When I was a young woman, I fell head over heels for a young Englishman I met on a trip to Belgium. Things did not work out but decades down the road, we are still friends, teasing each other about football and how old we have become. Never did I have to fear that he and my brother would meet in a trench somewhere.

If my husband were ever to fall down our basement stairs, it would probably be because he stumbled over a cat. And my love of most things English is unlikely to cost me my life.

Today, when I walk through the streets of Berlin, I hear English and Polish and Spanish and Portuguese. Young Europeans come here and live here and work here without even needing any kind of permit. They don’t fight wars, they have lovers’ quarrels and tease each other about football.

Germany has borders with no fewer than nine other countries, most of whom it has made war against one time or another (or repeatedly). Yet today, not a single one of these borders is guarded. There are no checkpoints or guards or any kind of obstacle — just a sign by the road telling you that you have just entered another country, easy to miss. It’s a world my grandmother probably could not have imagined.

For all the complaints one can have about the European Union’s bureaucracy and overreach and expense — in my book, they are a small price to pay for the fact that, while my grandmother had experienced two devastating wars by the time she was my age, I have always lived in peace.

If you have one of these burgundy passports shared by more than 500 million people inĀ  28 countries (amazing, isn’t it?), please go and vote this week. And please, please don’t vote for any of these Front Nationals or True Finns or Alternativen or UKiPs or whatever that tell you we would be better of without Europe.

Because we wouldn’t be. Just ask my grandmother. Or yours.

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Sunday dugong

Dugong in Marsa Nakari (1 of 1)

100% vegetarian and classified as vulnerable

Sorry about the long silence — caused by a variety of factors, first and foremost by the demise of my old computer and, consequently, my having to get used to a new one, which included a new operating system that still throws me for a loop whenever I use a long-familiar keyboard shortcut that now causes something completely different to happen. (I admit I had a couple of pretty bad “are we having fun yet” days at the beginning but things are getting better.)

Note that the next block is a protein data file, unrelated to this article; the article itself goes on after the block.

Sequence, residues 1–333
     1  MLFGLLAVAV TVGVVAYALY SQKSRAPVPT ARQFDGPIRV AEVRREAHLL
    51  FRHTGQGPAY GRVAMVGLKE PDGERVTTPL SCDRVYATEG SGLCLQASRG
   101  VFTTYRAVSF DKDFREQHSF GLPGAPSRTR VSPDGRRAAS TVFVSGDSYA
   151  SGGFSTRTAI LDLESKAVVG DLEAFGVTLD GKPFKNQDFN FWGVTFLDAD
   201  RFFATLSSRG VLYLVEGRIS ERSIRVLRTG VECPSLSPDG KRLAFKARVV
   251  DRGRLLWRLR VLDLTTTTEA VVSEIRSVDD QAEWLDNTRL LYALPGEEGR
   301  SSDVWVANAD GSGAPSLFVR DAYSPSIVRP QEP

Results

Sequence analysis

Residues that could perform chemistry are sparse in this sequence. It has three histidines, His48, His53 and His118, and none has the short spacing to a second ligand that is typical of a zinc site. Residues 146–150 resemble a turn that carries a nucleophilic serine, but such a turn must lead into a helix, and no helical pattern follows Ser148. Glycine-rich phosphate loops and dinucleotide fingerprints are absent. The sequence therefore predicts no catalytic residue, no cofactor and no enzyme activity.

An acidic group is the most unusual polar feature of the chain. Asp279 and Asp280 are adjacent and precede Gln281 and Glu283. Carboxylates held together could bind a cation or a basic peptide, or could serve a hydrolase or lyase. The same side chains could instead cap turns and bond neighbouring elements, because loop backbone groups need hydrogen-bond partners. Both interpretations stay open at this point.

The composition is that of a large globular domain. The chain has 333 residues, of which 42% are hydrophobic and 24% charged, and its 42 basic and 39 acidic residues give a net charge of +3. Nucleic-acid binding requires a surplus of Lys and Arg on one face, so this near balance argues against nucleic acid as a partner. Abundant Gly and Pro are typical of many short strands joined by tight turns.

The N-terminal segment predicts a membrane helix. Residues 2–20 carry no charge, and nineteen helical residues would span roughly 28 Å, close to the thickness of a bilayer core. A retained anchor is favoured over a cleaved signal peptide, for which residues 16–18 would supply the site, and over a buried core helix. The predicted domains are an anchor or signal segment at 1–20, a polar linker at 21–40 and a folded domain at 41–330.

Anyway, I thought I’d start right where I left off, with another photo taken in Egypt earlier this year. This lovely dugong — much more shy than his manatee relatives whom we encountered in Florida three years ago — made our day on several dives.

Posted in Critters, Everything that lives in the sea, Twenty thousand leagues under the sea | Tagged , , , , , | 3 Comments

Tuesday night turtle — and a plea

Turtle eating jelly fishA while back I promised more turtle pictures, so here is another photo taken in the Red Sea earlier this year. As you can see, turtles rather like to snack on the occasional jelly fish swimming by. This is as it should be but the problem is that jelly fish look not unlike something else increasingly found in the seas:

Turtle with plastic bags

One turtle, three plastic bags = recipe for disaster

Evolution unfortunately has not yet equipped turtles (and other animals, especially birds) to deal with the garbage humans produce. As a consequence, countless animals die very slow and painful deaths from ingesting plastic.

The European Parliament and the European Council are currently debating proposed legislation to reduce (or even ban) the use of disposable plastic bags, which would be a start. You can find a petition to support this legislation (and more information) here.

For an inspired take on the issue by some very talented young people in the Shetland Islands, see here. And please, try to do without disposable bags whenever possible — are twenty minutes use (on average) really worth the centuries it will take for these things to degrade?

Posted in Everything that lives in the sea, On the road, turtles | Tagged , , , , , , | 6 Comments